What does indigenization mean in relation to indigenous technology?

What does indigenization mean in relation to indigenous technology?

Anthropologists use the term "indigenization" to describe what happens when locals absorb something from the outside and make it their own. It signifies that the technology was created entirely within the country, with no assistance from other sources. "Indigenous technology" refers to any technology produced in one's own country. Although many technologies have been invented by people outside of their countries, they are not considered indigenous because these inventions often get absorbed into the local culture and become associated with it.

For example, the car is a foreign technology that was initially rejected by most societies because it is expensive, requires regular maintenance, and is prone to break down. In order to make these technologies useful, people started modifying them by adding features such as hoods, front ends, and four-wheel drive. These modifications are called "folk technologies" and can be found in many countries around the world. However, only those countries who developed them independently call them "indigenous". Japan has had more than 70 years to absorb foreign technologies, but still produces cars that are completely different from American models. Because Japanese manufacturers did not borrow anything from other countries, scientists consider their cars indigenous.

The same thing happened with computers. For centuries after Europeans arrived on our shores, they tried to import technology from abroad, but failed miserably at it. It wasn't until the 1950s that the first indigenous computers were built here in America. Even then, they used parts imported from overseas!

What’s the meaning of indigenization?

Indigenization is the process of making anything more native by transforming certain services, ideas, and so on to suit a local culture, particularly through the use of more indigenous people in public administration, employment, and so on. The term was coined by American economist and diplomat Nicholas Murray Butler in 1905.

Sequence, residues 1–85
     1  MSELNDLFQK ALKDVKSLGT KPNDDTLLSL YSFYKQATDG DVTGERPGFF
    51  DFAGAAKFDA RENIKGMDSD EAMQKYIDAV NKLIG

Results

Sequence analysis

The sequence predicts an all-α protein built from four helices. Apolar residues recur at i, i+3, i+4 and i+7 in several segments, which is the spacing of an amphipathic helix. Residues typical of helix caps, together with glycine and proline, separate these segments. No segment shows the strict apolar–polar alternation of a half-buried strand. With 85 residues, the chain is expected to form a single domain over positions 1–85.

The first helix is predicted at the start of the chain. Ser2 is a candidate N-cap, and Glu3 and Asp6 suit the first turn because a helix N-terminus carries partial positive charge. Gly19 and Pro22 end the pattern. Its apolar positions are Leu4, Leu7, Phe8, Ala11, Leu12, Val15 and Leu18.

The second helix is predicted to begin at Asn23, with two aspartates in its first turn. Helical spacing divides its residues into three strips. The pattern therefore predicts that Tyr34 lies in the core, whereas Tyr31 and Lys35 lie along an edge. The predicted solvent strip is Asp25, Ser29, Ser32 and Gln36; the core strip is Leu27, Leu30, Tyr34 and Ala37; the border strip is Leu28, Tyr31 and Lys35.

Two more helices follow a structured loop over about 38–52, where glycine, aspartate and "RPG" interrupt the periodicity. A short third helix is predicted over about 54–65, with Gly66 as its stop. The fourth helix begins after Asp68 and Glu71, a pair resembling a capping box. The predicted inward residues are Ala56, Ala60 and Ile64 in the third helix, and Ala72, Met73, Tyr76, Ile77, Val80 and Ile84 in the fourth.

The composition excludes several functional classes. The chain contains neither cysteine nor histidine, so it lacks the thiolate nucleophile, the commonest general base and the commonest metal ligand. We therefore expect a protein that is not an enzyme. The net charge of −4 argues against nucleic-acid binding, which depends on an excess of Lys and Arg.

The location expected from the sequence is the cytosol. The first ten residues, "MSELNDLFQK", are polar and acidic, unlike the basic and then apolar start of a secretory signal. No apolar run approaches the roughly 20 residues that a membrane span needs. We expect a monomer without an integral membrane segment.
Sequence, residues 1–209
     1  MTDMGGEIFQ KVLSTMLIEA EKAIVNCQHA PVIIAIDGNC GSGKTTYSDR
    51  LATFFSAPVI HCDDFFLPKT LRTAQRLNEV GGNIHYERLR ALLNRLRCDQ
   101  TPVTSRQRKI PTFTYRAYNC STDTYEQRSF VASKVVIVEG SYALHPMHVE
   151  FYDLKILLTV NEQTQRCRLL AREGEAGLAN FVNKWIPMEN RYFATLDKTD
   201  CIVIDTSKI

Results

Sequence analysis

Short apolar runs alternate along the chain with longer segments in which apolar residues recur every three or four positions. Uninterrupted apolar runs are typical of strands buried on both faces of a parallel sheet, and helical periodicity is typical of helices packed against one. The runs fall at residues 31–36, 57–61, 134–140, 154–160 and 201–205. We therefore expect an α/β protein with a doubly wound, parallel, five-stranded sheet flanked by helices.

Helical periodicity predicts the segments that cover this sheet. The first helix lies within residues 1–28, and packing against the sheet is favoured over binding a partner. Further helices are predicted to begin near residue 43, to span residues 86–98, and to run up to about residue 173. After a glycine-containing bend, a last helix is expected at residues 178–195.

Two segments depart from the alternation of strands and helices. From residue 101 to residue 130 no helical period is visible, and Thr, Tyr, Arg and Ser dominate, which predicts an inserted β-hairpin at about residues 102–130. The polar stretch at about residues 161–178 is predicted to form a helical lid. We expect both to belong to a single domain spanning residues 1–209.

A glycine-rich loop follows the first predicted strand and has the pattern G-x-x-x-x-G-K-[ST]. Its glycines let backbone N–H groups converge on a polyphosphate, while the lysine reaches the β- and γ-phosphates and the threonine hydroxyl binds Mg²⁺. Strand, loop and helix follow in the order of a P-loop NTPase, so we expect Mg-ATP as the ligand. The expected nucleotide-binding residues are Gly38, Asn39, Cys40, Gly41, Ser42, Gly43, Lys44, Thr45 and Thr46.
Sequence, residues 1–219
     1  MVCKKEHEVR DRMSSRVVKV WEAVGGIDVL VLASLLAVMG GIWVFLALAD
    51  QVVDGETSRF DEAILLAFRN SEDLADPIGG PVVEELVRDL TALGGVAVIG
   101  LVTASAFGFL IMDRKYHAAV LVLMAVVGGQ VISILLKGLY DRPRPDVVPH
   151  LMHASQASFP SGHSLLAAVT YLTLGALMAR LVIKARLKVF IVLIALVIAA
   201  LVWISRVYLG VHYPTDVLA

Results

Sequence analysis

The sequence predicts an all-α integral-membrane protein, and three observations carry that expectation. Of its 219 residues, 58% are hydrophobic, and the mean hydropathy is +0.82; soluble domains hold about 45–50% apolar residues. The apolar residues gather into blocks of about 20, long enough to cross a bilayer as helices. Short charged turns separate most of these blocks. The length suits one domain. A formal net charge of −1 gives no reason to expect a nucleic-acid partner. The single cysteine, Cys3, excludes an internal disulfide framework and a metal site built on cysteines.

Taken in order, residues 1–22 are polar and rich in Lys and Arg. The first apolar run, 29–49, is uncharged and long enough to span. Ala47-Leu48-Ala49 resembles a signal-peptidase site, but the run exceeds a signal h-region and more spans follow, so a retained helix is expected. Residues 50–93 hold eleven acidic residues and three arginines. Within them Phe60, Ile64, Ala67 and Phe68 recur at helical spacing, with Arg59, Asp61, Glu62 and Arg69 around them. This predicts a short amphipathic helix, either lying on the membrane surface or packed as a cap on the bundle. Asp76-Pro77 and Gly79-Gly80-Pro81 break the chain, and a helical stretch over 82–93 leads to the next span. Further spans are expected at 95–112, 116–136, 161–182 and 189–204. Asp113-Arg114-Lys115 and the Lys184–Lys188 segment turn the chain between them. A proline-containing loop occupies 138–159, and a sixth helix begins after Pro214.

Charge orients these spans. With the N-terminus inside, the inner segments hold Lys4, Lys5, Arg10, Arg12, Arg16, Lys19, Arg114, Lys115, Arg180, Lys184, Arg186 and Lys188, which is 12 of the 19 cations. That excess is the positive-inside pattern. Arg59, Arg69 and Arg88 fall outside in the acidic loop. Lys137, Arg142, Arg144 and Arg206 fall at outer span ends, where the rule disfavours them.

Butler argued that for a country to benefit fully from its economic potential, it needed to put itself in a position where it could utilize its own resources and develop their full potential. This required not just free trade but also import substitution industrialization (ISI), or industry that relies primarily on domestic production for its inputs. ISI was difficult to achieve because most countries relied on foreign suppliers for their manufacturing needs. They needed to establish domestic industries to be able to meet these demands themselves.

Butler proposed an idea called "indigenizing the economy," which meant utilizing more indigenous people instead of relying on foreigners for jobs. This would make things more local and sustainable as well as giving companies an incentive to hire locally since they would be able to provide a better service due to familiarity issues.

However, this idea was not new. It had been discussed before by such thinkers as John Stuart Mill and Richard Ely who believed that moving toward independence from foreign imports was important for a country's development. What was new about Butler's argument was his suggestion of using immigration to accomplish this aim.

What is the meaning of "indigent indigenous"?

Indigent implies impoverished. Indigenous denotes native, inherent, originating in, and resembling a certain location. The indigent indigenous population of North America was primarily made up of hunters and gatherers who lived in small bands that moved from place to place looking for food and water. They used tools made from stone and wood, and sometimes with materials such as bone or horn. They wore clothing made from animal skins and woven fiber.